Tuesday, April 17, 2012
Unbroken: A World War II Book of Survival, Resilience, and Redemption, by Laura Hillenbrand
Barnes & Noble
On a May afternoon in 1943, an Army Air Forces bomber crashed into the Pacific Ocean and disappeared, leaving only a spray of debris and a slick of oil, gasoline, and blood. Then, on the ocean surface, a face appeared. It was that of a young lieutenant, the plane’s bombardier, who was struggling to a life raft and pulling himself aboard. So began one of the most extraordinary odysseys of the Second World War.
Wow. I just... And then... But...
How do you put into words something as horrifying as war? I can't. Thankfully, someone can. Hillenbrand did an amazing job of portraying what Louie Zamperini's life was like before, during, and after WWII.
I am a back-of-the-pack runner and will never know what it feels like to run a four-minute-and-change-mile, but I could feel the urgency and excitement in Hillenbrand's descriptions. My heart raced (no pun intended) with every PR and new record! The local races! Regionals! Nationals! The Olympics! Were I not a runner, I may not have found this part so enthralling.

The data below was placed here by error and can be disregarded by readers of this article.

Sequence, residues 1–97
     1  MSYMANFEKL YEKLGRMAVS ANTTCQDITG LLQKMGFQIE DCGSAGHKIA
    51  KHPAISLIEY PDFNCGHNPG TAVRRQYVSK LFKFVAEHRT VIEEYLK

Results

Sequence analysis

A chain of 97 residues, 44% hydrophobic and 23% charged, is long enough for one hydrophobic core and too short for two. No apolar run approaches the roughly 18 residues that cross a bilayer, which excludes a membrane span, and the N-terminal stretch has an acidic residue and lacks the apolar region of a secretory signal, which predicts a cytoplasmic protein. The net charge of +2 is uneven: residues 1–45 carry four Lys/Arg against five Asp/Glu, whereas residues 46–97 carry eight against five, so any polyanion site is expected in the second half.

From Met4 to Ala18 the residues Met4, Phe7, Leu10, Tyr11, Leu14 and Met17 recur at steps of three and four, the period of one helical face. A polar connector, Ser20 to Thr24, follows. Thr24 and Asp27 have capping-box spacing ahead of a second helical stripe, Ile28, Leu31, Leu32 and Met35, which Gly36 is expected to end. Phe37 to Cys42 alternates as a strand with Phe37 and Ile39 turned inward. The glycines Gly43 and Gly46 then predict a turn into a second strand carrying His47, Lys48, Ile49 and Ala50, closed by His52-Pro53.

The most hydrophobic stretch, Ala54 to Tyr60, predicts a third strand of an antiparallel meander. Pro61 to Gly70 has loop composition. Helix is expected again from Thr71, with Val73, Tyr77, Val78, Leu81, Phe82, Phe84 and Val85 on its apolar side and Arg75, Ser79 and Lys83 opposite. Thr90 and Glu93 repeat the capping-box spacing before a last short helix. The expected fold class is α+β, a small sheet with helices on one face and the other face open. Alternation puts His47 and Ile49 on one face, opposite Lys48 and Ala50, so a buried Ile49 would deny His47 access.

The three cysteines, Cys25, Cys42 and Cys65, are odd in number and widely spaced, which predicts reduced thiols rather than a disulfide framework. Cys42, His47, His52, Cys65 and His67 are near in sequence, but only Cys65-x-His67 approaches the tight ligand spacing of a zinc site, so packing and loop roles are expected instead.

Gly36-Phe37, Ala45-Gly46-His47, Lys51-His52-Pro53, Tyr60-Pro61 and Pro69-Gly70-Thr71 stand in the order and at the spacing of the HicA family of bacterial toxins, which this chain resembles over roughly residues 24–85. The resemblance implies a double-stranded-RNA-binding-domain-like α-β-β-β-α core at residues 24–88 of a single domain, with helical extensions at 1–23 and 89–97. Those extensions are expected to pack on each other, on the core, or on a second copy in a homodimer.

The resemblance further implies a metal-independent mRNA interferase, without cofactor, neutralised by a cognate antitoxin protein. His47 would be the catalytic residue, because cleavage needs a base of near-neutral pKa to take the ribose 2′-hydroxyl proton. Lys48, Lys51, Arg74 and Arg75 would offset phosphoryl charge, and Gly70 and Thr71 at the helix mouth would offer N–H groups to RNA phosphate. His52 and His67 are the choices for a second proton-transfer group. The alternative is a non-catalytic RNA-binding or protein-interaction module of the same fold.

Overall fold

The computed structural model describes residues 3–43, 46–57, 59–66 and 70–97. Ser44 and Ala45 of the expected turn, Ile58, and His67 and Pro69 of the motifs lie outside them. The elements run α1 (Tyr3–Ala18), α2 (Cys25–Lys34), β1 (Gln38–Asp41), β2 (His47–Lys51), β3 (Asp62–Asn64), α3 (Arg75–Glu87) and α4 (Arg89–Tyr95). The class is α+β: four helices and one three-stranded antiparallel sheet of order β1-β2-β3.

I was equally enthralled with Zamperini's military training, missions, survival during a 2,000-mile journey on a raft with almost no provisions, and the eventual descent into a series of hellacious POW camps. I am a pacifist, so there were times I felt very uncomfortable with the fighting and had to remind myself that I was reading a book about war. Then I rolled my eyes at myself and continued on.
I have no idea how any Pacific POWs were able to survive at the hands of their abusers.
I'm really glad that the book addressed how hard it was for POWs to return to "normal" life. It's such a huge problem and I hope that any talk of PTSD can help current soldiers returning from deployment.
This is a fantastic book and really helped me to understand some of what happened in Japan during WWII.